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  #1  
Old 04-25-2008, 02:34 AM
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Buddy Thomason Buddy Thomason is offline
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How I will convert the Giraffe bone haters

Wednesday,February 8,1995 I was awakened by movement out in the bush. The weather was overcast with thick fog obscuring the area around me. I was filled with wonder, here in Kenya's Masai Mara.

The disturbance in the bush moved closer. I sat still. Soon a group of 7 giraffe emerged, slowly working the side of a hill thirty yards away, reaching high into each tree, grazing on its tender leaves. I was mezmerized.

What most amazed me was their legs; long and thin but muscular and solid as well. These were the legs of a most unusual and fantastic creature. The giraffe appeared regal and aloof - unafraid as through the fog he momentarily gazed at me from on high.

That my knife is adorned with a giraffe bone handle gives it a place of honor in my collection. Those who denigrate giraffe bone as a handle material may know all about giraffe bone attributes and qualities... but I'm afraid they do not know the GIRAFFE.



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  #2  
Old 04-25-2008, 04:46 PM
TomD TomD is offline
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This picture is astonishingly good, one of the finest that I've seen. The muted background ceramic is perfect in concept and execution. This along with your "yin and yang" is an out of the park home run. Beautiful.


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  #3  
Old 04-25-2008, 06:09 PM
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Thanks, Tom. I should explain the title line "How I will convert the Giraffe bone haters." Over on bladeforums.com there's been some discussion about giraffe bone being a second rate handle material that detracts from a knife's 'investment' value in the secondary knife market... etc. I don't care about any of that really but it did seem odd to me that people could have a discussion about giraffe bone as a handle material and not make a single reference to the magnificently exotic animal from which it comes.

I knew I had this exceptionally handsome knife with nice carved giraffe bone that was due to be re-photographed. I also had a story to go with it since I had observed giraffe in their natural habitat when I spent a month in Africa a few years back. They are truly extraordinary creatures.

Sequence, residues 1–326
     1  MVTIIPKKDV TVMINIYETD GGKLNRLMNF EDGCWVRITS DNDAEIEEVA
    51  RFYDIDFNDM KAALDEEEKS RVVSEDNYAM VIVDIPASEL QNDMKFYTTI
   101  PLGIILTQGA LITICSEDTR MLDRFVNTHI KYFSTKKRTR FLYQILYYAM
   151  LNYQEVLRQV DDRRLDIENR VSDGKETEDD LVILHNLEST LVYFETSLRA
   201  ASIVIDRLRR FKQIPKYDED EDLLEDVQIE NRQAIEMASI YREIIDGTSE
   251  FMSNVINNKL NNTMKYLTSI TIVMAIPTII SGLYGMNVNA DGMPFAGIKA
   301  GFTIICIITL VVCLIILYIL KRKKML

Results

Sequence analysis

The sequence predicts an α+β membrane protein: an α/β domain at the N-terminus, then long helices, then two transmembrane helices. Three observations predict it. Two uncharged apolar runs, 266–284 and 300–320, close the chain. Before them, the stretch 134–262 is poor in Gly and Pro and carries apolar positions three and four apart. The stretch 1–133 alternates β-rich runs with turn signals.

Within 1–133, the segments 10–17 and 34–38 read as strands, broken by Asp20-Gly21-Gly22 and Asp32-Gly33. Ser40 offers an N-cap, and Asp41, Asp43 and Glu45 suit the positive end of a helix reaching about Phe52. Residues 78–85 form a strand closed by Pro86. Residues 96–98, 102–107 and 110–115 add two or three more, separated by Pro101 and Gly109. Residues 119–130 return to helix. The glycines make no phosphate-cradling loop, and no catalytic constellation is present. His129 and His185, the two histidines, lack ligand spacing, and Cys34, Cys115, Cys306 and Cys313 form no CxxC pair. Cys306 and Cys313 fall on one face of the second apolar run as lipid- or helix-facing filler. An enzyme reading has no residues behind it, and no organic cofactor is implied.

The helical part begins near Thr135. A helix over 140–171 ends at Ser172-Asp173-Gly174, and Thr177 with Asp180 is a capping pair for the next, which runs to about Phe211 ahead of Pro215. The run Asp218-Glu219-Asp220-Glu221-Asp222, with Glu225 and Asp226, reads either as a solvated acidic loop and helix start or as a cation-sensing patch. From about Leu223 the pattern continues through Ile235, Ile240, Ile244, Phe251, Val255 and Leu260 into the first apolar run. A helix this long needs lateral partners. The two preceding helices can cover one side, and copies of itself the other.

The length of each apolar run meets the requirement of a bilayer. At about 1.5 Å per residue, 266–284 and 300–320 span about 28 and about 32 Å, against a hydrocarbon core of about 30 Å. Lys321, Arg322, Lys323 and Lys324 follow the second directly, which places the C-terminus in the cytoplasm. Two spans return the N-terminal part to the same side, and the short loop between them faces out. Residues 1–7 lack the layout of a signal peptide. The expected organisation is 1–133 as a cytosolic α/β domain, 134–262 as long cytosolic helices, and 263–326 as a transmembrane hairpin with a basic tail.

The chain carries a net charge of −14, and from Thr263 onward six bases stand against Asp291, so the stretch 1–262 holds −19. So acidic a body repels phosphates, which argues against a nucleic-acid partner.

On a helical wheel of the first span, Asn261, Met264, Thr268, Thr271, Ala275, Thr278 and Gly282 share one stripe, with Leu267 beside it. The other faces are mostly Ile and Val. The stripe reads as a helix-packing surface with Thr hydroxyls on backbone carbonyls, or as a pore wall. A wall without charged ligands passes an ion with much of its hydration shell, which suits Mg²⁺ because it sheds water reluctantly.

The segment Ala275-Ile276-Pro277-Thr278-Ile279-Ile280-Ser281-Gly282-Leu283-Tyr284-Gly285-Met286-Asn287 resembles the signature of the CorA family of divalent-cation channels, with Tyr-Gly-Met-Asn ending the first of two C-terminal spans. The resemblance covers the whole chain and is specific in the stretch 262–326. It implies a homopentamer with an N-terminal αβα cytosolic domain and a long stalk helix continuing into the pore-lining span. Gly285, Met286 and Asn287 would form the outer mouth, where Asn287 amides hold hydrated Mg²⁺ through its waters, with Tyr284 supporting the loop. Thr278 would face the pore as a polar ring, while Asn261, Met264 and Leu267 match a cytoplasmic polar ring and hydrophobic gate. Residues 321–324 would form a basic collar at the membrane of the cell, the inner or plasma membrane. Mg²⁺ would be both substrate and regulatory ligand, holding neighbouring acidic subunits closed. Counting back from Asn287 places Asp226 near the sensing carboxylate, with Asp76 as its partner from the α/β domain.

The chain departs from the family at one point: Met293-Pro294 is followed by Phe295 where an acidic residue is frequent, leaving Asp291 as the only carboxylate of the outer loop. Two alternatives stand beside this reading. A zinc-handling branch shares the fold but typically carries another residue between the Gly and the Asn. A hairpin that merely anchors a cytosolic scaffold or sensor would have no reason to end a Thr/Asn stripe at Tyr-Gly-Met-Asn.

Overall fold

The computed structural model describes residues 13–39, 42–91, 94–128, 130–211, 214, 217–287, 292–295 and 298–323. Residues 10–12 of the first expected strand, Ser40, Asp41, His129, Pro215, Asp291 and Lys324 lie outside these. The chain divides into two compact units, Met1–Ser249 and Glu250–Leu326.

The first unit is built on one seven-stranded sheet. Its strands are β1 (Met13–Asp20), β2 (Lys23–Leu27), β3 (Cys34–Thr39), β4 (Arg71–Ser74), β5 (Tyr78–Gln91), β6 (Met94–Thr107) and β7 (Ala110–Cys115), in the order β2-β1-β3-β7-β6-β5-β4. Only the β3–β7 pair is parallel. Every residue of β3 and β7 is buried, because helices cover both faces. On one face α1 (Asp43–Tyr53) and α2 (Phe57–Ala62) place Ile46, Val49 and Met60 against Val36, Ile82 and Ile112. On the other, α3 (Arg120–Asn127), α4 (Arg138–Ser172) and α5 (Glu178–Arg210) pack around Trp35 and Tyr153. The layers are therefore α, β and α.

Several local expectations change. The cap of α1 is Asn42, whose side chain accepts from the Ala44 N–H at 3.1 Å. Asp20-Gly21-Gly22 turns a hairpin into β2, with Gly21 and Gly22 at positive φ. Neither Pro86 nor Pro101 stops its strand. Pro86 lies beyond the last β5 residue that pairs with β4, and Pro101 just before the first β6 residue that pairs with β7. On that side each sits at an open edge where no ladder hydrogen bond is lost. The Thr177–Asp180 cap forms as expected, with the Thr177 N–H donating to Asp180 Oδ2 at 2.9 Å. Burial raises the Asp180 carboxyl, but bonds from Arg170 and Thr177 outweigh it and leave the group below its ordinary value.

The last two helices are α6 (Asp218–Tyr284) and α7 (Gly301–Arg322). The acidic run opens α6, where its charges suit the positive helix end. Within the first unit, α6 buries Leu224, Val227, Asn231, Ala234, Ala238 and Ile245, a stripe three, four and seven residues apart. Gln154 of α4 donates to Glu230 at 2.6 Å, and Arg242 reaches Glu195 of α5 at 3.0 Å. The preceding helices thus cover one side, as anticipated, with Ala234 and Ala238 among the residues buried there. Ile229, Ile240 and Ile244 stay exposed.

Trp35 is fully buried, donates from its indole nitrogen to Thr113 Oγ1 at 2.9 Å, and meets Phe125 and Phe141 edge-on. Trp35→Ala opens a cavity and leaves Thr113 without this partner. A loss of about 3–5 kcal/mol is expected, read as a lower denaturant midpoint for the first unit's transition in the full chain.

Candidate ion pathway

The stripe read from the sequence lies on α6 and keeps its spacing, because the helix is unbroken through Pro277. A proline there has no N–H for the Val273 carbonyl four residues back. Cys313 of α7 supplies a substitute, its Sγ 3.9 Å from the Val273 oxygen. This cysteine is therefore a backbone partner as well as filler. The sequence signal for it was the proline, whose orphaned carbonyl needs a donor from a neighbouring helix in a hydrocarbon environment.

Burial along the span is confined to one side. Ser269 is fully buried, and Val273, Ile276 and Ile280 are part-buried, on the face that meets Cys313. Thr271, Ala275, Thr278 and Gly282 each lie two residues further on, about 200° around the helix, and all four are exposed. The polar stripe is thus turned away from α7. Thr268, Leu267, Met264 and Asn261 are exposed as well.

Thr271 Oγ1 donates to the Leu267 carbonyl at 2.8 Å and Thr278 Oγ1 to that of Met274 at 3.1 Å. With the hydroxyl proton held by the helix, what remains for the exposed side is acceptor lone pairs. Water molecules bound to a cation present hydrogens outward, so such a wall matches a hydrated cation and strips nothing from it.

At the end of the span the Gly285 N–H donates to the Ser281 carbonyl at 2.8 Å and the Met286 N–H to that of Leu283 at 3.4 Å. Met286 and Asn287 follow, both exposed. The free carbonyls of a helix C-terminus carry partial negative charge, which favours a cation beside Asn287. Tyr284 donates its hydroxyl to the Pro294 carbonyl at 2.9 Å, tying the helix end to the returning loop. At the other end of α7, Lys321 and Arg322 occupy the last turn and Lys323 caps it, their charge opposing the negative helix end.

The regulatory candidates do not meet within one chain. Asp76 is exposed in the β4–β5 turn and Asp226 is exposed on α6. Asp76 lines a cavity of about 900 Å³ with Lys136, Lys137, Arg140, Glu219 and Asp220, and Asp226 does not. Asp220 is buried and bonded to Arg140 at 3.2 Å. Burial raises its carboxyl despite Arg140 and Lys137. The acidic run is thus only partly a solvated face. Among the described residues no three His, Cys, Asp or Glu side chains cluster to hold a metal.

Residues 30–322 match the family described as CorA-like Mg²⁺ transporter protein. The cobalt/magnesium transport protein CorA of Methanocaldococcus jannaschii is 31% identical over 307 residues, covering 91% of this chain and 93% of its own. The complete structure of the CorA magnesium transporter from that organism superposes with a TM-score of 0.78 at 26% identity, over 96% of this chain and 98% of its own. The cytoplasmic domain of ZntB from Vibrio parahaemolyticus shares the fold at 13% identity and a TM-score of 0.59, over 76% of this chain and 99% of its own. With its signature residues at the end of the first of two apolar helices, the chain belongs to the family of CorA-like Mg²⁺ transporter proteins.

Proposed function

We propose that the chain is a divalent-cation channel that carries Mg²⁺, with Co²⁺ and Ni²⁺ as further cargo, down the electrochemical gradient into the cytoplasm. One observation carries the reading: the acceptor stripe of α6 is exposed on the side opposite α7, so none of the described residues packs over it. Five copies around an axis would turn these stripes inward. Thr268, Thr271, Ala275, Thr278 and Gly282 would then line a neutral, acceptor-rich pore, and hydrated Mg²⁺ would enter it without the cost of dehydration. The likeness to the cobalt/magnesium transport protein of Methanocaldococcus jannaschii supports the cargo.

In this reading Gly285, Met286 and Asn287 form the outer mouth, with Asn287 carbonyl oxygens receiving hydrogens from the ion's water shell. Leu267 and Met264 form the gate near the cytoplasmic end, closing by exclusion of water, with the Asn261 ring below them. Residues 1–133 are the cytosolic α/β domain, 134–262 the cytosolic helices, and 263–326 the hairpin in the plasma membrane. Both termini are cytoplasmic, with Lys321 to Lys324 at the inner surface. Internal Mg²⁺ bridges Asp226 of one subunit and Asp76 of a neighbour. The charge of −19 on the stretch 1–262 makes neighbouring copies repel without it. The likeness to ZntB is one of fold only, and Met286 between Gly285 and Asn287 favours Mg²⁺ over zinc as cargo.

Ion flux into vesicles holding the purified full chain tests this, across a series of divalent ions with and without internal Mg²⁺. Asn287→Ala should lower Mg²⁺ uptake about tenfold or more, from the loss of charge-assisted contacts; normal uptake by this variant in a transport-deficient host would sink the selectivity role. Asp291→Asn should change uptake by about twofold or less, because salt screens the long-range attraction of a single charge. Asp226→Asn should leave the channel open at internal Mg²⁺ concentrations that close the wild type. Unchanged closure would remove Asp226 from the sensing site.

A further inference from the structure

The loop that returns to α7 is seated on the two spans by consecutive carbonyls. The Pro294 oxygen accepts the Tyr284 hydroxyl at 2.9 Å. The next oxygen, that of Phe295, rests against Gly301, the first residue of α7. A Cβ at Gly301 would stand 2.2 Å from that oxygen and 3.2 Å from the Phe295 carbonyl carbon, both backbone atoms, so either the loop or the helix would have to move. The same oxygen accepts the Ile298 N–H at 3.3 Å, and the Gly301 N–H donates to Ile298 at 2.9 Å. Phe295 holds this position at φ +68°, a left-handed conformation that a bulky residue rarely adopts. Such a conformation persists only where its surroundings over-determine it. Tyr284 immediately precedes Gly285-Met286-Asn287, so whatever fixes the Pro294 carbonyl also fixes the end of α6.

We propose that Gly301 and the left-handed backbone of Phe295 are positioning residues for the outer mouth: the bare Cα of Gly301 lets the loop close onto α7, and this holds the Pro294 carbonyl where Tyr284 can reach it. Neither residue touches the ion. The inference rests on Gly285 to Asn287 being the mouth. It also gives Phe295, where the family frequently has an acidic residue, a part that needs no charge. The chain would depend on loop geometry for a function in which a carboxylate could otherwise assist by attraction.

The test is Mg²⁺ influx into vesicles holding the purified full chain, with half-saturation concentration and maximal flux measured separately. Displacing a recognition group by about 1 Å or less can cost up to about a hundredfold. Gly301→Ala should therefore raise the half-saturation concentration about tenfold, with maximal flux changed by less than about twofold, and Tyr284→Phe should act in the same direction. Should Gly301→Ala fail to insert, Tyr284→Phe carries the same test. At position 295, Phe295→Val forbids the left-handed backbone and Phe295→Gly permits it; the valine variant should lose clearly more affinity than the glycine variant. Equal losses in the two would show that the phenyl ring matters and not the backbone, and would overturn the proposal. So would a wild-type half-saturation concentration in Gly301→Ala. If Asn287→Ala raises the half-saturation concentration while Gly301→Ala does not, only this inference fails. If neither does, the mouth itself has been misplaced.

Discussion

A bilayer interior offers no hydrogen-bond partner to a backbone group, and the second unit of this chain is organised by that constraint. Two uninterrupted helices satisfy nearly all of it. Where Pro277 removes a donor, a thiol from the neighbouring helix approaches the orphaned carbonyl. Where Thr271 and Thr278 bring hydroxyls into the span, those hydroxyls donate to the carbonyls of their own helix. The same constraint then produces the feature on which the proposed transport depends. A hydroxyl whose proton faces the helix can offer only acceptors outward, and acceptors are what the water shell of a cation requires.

So, rather than try and make my point with words I figured I'd share a little piece of my experience and hopefully the image would do the rest of the talking for me. I didn't have a giraffe carving or anything but I did bring that carved stone rhino home with me from the trip. So I decided to substitute another exceptionally magnificent creature for the giraffe to lean the knife up against. Fortunately I was able to get a pretty dramatic result. I posted it on that other forum under a different title. Of course I don't really expect to change any minds, but if I could blow some socks off with a good photo and say something that nobody else was saying... well, that's a good result for the effort in my book!

IMO, the key to this image was use of the black background. In another recent image I posted (SMAUG) Terrill commented that the knife "cried out for a dark background." He was right. I re-shot Smaug with a dark background and got a much more dramatic result. So, this time I remembered. Certainly not all knives demand a black or dark background but is sure seemed to work in both of these cases.

Here's the first image I made 2-3 years ago. I liked it a lot but my gear and skills have advanced since then so the knife needed to be re-shot.



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Old 04-26-2008, 08:17 AM
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Terrill Hoffman Terrill Hoffman is offline